Ideen der Individuen und intentio naturae. Duns Scotus im Dialog mit Thomas von Aquin und Heinrich von Gent

Tobias Hoffmann
Catholic University of America
Duns Scotus vigorously defends an idea foreign to Greek philosophers, namely that the individual has a higher ontological dignity than the species. He develops this view in two contexts: the problem of the principle of individuation and the discussion of divine ideas of individuals. This article focuses on the latter, in which Scotus critiques Aquinas, whom he mistakenly interprets as denying that there are divine ideas of individuals, as well as Henry of Ghent, who repeatedly rejects this hypothesis. In connection with the claim that God has distinct ideas for each individual, Scotus argues that the intentio naturae concerns not merely the species, but also individu-als. Contrary to Greek thought, therefore, Scotus holds that the purpose of individuals is not merely to guarantee the eternity of the species; rather, they have an intrinsic value.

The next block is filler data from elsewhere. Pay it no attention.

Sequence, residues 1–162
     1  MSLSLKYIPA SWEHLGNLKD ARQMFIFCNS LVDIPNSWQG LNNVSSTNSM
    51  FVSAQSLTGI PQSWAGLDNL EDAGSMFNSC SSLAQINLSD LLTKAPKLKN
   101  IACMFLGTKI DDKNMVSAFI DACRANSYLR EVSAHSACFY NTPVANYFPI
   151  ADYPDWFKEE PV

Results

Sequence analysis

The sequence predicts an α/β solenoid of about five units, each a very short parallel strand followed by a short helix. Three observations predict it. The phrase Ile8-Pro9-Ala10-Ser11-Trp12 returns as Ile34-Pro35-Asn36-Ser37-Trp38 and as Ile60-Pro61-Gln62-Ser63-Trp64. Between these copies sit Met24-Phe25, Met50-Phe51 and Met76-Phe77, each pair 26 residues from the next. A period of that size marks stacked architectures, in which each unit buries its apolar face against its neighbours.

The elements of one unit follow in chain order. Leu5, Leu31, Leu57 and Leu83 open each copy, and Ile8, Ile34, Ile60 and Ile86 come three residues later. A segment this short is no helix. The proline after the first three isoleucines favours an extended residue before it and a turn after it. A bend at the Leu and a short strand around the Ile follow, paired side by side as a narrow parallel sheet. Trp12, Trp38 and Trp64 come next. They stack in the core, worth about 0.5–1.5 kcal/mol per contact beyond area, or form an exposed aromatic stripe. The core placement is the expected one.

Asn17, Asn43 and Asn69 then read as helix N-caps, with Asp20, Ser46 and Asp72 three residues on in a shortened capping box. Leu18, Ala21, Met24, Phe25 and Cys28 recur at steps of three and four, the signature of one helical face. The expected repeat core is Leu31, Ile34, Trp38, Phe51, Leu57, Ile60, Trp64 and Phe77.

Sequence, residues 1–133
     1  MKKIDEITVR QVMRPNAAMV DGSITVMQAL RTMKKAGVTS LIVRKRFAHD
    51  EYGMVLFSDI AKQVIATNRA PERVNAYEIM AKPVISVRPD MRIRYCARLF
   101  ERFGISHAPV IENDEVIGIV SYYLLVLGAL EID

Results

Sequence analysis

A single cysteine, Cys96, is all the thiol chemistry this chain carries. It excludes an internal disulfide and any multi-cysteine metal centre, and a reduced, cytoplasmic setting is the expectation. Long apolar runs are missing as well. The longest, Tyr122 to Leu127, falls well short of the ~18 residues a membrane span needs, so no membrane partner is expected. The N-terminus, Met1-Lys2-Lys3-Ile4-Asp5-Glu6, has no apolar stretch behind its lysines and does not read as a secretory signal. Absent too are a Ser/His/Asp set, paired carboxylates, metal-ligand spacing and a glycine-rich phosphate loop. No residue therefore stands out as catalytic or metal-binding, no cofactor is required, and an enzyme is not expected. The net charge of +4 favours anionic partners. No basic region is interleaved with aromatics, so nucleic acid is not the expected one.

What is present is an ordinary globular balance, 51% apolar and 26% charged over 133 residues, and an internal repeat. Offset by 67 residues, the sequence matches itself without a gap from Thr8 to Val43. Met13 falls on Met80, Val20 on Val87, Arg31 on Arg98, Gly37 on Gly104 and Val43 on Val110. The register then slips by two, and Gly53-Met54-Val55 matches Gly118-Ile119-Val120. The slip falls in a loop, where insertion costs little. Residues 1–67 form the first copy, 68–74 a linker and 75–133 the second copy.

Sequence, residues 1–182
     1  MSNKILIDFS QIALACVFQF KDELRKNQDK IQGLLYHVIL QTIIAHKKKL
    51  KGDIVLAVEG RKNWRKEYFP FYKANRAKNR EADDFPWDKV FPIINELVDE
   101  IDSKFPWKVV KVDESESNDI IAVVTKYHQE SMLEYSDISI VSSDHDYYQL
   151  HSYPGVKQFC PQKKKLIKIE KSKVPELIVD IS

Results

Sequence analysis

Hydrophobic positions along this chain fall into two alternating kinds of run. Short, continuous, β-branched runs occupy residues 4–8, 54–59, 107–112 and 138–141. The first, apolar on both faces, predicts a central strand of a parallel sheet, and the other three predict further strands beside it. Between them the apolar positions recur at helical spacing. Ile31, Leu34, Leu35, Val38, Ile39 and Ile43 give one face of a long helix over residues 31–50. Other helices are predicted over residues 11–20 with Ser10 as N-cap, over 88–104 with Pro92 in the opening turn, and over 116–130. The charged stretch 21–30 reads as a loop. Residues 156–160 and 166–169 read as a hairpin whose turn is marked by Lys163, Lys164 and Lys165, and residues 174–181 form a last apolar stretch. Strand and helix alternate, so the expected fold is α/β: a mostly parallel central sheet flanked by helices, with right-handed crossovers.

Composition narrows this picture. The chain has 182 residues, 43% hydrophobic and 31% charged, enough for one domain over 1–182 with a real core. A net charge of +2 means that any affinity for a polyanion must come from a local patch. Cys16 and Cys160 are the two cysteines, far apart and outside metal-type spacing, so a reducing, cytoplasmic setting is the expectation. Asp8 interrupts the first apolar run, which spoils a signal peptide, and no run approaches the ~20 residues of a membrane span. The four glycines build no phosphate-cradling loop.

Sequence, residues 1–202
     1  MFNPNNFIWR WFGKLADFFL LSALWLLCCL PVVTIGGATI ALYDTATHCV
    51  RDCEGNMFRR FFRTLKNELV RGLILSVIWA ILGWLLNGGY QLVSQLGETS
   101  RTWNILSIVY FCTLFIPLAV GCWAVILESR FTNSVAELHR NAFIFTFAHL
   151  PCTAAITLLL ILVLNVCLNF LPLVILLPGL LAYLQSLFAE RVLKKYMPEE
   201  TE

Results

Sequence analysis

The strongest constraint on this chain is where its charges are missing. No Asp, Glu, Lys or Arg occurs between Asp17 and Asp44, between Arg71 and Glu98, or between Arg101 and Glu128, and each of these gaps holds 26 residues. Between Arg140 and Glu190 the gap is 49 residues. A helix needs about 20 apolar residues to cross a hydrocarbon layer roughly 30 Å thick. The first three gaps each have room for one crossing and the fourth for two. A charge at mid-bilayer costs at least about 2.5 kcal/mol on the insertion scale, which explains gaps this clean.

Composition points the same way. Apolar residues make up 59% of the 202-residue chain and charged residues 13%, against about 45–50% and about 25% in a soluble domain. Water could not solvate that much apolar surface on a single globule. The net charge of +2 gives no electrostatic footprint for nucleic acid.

Keywords Divine ideas  Duns Scotus  Henry of Ghent  Thomas Aquinas
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